Skip to main content

Oshie powers Capitals past Penguins in Game 1 OT thriller

The Washington Capitals took a win in Game 1 against the Pittsburgh Penguins, thanks to T.J. Oshie's hat trick, completed in overtime.

Get all of Allan Muir’s columns as soon as they’re published. Download the new Sports Illustrated app (iOS or Android) and personalize your experience by following your favorite teams and SI writers.

Never say T.J. Oshie isn't clutch.

The veteran winger scored three goals, including a controversial tally in overtime, to lead the Washington Capitals to a 4-3 win over the Pittsburgh Penguins in the opener of their highly anticipated second-round series on Thursday.

Watch: Capitals’ Oshie completes hat trick vs. Penguins in OT

​Oshie, who was bounced from the St. Louis Blues last summer after a soft playoff performance, provided the equalizer in the second just 33 seconds after Evgeni Malkin had given the Penguins a 2-1 lead, then put the Caps ahead just 3:23 into the third period. 

But his third goal might have been the biggest of his NHL career. Picking up a loose puck deep in the Pittsburgh zone, he beat a stationary Brian Dumoulin, drove around the net and wrapped it past Matt Murray on the short side. The play was ruled a goal on the ice, but required a lengthy video review before it was determined that the puck had fully crossed the goal line.

The win helps the Caps hold serve in what's expected to be a tightly contested series. Game 2 is Saturday night in Washington.

Here are three thoughts on this OT thriller:

Speed racers

Two things we confirmed in the opener: There's not much separating these teams and the defense on both sides better be ready to skate.

For the first 40 minutes, this game was played at a blistering pace, and defenders on both sides were routinely overwhelmed by the speed, the quick transitions and the precision passing. No one came away clean, though it was a particularly rough night for Washington's Dmitry Orlov, who was benched for the third period and OT, and Pittsburgh's Olli Maatta and Dumoulin. Maatta made several mistakes, including a soft turnover in the neutral zone that sprung Oshie for his unassisted second goal.

The SI Extra Newsletter Get the best of Sports Illustrated delivered right to your inbox


SI Recommends

The Pens are perceived to have an edge in the speed department, and the line of Nick Bonino, Phil Kessel and Carl Hagelin (a combined +31 in shot attempts) clearly set the pace. But the Caps were up to the challenge and actually created more opportunities off the rush.

Even as the pace inevitably slowed later on, the intensity remained high, setting the bar for what should be a spectacular series.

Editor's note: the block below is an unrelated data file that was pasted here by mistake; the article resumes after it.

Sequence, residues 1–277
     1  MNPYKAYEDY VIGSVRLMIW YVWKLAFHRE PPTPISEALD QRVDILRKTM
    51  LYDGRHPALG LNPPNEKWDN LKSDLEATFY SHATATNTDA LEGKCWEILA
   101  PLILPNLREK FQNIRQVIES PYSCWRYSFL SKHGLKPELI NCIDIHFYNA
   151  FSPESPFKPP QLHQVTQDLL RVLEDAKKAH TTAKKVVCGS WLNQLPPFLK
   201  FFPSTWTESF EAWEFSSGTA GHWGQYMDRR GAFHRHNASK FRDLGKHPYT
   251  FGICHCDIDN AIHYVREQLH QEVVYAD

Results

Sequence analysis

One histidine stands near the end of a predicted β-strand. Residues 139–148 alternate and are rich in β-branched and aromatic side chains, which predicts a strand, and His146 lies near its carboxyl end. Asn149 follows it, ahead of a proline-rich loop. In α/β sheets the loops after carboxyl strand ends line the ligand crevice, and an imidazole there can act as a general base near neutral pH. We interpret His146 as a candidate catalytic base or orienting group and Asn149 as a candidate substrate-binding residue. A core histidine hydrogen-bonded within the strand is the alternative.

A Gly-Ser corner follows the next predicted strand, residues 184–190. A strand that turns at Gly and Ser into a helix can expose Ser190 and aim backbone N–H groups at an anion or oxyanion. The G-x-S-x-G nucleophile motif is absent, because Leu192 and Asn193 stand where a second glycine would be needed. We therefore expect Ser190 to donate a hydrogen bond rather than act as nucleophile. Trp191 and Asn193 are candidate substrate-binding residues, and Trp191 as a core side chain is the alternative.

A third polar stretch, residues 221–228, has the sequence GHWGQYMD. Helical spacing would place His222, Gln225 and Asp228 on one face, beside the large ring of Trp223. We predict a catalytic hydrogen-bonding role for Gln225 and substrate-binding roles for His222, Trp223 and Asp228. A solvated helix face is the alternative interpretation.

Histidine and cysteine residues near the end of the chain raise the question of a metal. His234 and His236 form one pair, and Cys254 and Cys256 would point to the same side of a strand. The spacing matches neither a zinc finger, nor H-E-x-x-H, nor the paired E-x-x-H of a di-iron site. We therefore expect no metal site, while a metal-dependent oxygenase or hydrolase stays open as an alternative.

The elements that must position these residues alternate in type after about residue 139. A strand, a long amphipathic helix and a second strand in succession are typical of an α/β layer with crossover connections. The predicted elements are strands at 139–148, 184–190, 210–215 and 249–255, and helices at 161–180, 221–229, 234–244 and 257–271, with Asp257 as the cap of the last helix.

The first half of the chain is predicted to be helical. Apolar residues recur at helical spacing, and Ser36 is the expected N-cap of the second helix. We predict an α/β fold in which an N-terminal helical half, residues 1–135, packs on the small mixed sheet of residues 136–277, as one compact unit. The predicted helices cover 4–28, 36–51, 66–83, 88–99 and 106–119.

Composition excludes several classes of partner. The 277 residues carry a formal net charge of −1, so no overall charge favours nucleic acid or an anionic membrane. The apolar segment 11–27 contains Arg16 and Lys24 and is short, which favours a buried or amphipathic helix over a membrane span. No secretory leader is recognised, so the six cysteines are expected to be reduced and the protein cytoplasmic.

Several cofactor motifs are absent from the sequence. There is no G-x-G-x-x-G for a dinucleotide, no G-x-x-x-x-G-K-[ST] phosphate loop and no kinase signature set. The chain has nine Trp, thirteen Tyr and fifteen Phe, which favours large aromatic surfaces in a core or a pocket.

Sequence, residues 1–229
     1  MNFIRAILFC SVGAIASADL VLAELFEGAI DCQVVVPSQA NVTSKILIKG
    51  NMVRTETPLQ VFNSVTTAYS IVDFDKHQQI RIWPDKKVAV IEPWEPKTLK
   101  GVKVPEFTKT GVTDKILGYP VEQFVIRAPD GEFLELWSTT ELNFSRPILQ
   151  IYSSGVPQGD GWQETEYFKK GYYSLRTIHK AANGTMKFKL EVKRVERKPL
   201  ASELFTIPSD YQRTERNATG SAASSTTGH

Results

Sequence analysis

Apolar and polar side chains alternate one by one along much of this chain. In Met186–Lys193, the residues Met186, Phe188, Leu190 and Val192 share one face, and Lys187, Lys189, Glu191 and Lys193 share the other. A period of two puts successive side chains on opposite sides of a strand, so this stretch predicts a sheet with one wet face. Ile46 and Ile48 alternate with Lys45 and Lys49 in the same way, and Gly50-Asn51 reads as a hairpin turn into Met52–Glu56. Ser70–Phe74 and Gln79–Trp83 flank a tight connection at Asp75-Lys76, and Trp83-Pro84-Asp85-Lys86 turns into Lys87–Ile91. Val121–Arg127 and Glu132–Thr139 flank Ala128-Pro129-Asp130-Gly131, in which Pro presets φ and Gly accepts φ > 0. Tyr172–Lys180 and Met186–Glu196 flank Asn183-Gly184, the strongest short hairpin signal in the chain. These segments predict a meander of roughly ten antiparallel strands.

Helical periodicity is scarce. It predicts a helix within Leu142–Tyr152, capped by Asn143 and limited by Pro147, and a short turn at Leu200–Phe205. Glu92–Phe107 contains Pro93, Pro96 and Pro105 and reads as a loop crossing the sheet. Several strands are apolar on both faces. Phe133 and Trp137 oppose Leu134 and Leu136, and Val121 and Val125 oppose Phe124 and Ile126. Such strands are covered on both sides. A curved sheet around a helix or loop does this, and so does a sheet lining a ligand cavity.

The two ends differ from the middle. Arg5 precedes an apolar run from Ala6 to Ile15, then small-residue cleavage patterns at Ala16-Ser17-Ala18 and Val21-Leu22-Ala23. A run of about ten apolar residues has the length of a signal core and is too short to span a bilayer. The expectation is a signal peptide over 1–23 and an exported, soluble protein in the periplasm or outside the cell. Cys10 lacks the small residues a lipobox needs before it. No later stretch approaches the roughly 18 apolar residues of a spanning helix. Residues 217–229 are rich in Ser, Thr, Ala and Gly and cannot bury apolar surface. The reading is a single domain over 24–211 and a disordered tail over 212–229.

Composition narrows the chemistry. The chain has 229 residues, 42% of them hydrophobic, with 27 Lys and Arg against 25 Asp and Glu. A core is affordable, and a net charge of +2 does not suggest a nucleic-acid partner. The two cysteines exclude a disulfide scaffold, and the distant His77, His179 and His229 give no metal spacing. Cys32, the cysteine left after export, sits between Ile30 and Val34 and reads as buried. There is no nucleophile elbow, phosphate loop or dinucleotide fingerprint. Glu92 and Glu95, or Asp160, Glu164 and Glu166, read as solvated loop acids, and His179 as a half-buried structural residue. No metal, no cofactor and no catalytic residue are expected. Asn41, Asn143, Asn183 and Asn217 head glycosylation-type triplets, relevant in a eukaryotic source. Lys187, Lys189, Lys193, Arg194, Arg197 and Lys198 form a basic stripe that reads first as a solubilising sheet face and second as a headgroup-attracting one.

Sid vs. Ovi

The Crosby Conundrum: Entering middle age, who is Sid the Kid?

Round one delivered on the hype. Sidney Crosby and Alex Ovechkin were in the starting lineups—nice job by Mike Sullivan and Barry Trotz to feed the beast—and both were quick to make an impression. Ovechkin flattened Trevor Daley with a thunderous hit just seconds after puck drop that kicked off Washington's game-long assault on Pittsburgh's d-men. Moments later, Crosby hit the side of the net with a nasty backhander on a two-on-one.

Neither player lit the lamp, but Ovechkin had the best of the chances, including a pair of partial breaks and a dangerous deflection just seconds into overtime that proved how dialed in Murray was.

Ovi earned an assist on Oshie's second goal, picking up a rebound of his own blocked shot and feeding his linemate, who barreled into the zone and beat Murray with a backhand for a 3-2 lead.

Crosby made his mark with some outstanding work in the corners and in the faceoff circle, where he owned Nicklas Backstrom and won 19 of 28 overall, but he also was on the ice for three goals against.

Give this round to Ovi.


Setting the table

2016 Stanley Cup Playoffs schedule, results, highlights

It wasn't perfect, but the Caps got the result they needed. They got to Murray early and beat him with one softie (Oshie's second) that had to get in his head. At the other end of the ice, they got a terrific performance from Braden Holtby, who responded to his first real test of the postseason by stopping 42 of 45 shots (a .933 save percentage). They dominated the physical game, out-hitting the Pens 43 to 29 to plow the field for later in the series. They silenced Pittsburgh's power play on two chances and while they failed to score on their own opportunities, the momentum gained from a vigorous first period chance led directly to Andre Burakovsky's opening goal. 

One area that needs addressing ahead of Game 2 is the number of opportunities they allowed. The Caps were outshot 17-7 in the second and 13-5 in the third as the Pens capitalized on some solid board work and some soft coverage. That's not a sustainable margin, even when Holtby is at the top of his game.

All in all though, a solid effort from the Caps and one that has them in control of the series.